1.1 Questioning food miles
Do you think food products should be transported by air? State a range of reasons for and against the air freight of food products.
The Soil Association consultation
In 2007, the Soil Association - the organisation responsible for certifying organic produce in the UK - launched a consultation into the environmental impact of organic produce that is air-freighted to the UK from other countries. The consultation was a response to concerns about the increasing contribution of air freight to climate change. The key issue at stake was whether air freight should be addressed in the Soil Association's organic standards. The debate raised the question of whether 'organic' certification should be removed from goods that have been air-freighted to the UK. This was the first time that the Soil Association had considered applying standards relating to transport and climate change, and the consultation proved to be a significant - and controversial - exercise.
The consultation was prompted by concerns that, whilst air freight currently accounts for a very small proportion (less than 1%) of all organic food imports to the UK, the air-freight industry - and the air-transport industry more generally - are growing rapidly in response to strong, sustained demand. Air freight allows fresh food to be carried thousands of miles around the world in a matter of hours, with the result that a wide variety of products can be stocked on supermarket shelves throughout the year. Air freight is particularly useful for transporting highly perishable organic fresh fruit and vegetables, year-round, as supermarkets attempt to ensure the continuous availability to consumers of the freshest and most exotic produce. Air freight also enables importers to respond to unexpected shortfalls in supply or surges in demand - and so to meet the UK consumer demand for year-round fresh produce.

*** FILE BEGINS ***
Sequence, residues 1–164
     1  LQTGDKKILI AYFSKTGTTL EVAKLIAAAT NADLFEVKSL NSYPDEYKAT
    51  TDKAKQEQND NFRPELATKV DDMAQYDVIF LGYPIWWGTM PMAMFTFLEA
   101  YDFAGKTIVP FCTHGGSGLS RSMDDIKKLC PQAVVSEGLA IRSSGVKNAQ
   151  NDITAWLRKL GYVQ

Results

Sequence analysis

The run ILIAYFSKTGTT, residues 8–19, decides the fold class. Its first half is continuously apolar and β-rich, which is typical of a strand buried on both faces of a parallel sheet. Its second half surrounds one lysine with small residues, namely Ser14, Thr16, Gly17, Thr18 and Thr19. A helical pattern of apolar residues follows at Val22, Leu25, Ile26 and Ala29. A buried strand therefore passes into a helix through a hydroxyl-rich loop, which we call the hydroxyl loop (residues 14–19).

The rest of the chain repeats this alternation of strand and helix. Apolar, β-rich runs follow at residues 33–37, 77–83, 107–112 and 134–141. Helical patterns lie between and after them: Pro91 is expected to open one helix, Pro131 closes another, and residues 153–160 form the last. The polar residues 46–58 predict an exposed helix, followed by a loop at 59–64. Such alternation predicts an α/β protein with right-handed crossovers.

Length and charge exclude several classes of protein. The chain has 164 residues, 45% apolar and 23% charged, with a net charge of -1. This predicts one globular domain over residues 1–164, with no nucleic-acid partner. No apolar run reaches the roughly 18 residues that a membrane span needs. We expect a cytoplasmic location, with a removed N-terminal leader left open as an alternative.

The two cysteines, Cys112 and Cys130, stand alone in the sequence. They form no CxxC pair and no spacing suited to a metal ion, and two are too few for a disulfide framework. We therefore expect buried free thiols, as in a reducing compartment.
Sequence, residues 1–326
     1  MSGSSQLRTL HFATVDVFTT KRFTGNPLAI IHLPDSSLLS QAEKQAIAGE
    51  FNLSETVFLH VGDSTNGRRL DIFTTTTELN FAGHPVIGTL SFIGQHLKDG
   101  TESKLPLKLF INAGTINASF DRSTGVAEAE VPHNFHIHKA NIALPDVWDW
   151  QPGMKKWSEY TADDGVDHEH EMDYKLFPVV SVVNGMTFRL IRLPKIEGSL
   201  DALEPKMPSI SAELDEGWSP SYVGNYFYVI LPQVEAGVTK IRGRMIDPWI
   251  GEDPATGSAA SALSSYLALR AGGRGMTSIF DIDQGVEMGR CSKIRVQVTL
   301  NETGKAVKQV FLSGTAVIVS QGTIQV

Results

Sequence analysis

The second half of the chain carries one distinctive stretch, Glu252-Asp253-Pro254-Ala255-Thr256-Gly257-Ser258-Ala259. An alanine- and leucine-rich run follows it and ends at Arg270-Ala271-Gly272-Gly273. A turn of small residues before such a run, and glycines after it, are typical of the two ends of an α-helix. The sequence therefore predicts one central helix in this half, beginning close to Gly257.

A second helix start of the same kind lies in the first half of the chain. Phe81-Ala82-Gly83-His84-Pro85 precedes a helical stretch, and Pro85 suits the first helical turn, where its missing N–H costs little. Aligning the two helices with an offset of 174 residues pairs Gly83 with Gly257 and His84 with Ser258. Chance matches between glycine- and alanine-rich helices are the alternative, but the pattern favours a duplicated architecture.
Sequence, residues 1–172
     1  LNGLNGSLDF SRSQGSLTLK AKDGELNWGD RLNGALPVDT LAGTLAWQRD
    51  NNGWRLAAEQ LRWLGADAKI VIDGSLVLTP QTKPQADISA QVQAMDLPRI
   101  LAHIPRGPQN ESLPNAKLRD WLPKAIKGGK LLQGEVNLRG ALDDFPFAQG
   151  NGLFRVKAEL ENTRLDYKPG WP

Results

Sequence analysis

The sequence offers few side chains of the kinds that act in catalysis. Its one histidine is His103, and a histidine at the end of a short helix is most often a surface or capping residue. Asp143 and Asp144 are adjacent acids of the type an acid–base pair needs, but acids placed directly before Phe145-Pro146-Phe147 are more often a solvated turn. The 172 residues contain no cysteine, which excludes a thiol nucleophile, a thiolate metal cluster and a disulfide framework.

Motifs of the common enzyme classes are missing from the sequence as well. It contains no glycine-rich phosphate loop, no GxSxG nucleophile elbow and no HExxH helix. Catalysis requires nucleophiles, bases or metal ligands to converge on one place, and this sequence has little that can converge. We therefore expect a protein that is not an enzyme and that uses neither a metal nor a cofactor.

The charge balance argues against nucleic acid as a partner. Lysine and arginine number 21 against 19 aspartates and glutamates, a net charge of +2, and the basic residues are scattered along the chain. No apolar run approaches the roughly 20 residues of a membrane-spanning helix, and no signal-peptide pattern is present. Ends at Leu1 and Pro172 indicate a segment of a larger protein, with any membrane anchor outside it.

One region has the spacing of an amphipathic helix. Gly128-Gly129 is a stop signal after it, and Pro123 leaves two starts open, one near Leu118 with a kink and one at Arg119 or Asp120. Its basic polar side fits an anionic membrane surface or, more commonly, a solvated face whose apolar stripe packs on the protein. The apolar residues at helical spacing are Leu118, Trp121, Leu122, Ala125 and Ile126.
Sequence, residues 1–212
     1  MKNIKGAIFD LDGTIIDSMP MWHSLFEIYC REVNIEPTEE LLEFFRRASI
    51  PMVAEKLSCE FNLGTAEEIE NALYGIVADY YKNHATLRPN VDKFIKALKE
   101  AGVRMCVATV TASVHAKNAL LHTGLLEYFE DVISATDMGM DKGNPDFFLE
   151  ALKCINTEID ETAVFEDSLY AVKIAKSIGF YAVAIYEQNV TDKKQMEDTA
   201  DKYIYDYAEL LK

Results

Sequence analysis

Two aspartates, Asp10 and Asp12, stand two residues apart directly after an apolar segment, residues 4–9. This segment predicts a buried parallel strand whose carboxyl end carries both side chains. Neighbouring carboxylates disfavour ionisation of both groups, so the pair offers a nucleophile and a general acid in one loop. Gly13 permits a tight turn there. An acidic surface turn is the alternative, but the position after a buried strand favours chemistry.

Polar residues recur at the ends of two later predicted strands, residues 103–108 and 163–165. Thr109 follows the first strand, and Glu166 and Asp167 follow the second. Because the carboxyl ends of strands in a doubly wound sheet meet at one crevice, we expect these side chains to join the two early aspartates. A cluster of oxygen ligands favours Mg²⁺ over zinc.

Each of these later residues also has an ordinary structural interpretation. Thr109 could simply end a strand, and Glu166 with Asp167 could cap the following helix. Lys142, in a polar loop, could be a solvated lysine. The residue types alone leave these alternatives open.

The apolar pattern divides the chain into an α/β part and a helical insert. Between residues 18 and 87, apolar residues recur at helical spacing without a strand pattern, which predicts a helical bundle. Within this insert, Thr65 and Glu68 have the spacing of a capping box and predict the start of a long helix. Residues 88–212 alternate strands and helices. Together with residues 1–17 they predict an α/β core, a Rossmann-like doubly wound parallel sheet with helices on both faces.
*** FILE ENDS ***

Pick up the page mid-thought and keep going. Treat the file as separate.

Food miles and climate change
Yet, because air transport is dependent on the use of fossil fuels – and is responsible for an increasing share of global carbon dioxide emissions – there are concerns that the air freight of organic produce is making a growing contribution to climate change. Compared with other forms of transport, air transport has a significant impact on our climate. Furthermore, air freight is the most rapidly growing method of food transport; the air freight of food to the UK increased by 140% between 1992 and 2002 and is still increasing. Whilst air freight is currently responsible for less than 1% of total UK food miles, it produces 11% of the carbon dioxide emissions from UK food transport. A consignment transported by air has a much greater climate impact than the same consignment carried by sea.
In response to such concerns, the Soil Association considered a range of options for addressing the environmental impact of air-freighted organic food. Those options including taking no action; introducing new procedures for labelling air-freighted organic produce so that consumers can make more informed choices about the issue; using carbon offsetting schemes; and imposing a partial or general ban of air-freighted organic produce. Of those options, the introduction of a general ban received the greatest support from members of the general public, from some environmentalist groups (including Greenpeace), and from some organic producers. Some people argued that imposing a general ban on the air freight of organic produce would also bring other benefits for people in the UK, including a general reduction in air-traffic levels and in road congestion (because air freight tends to drive airport expansion).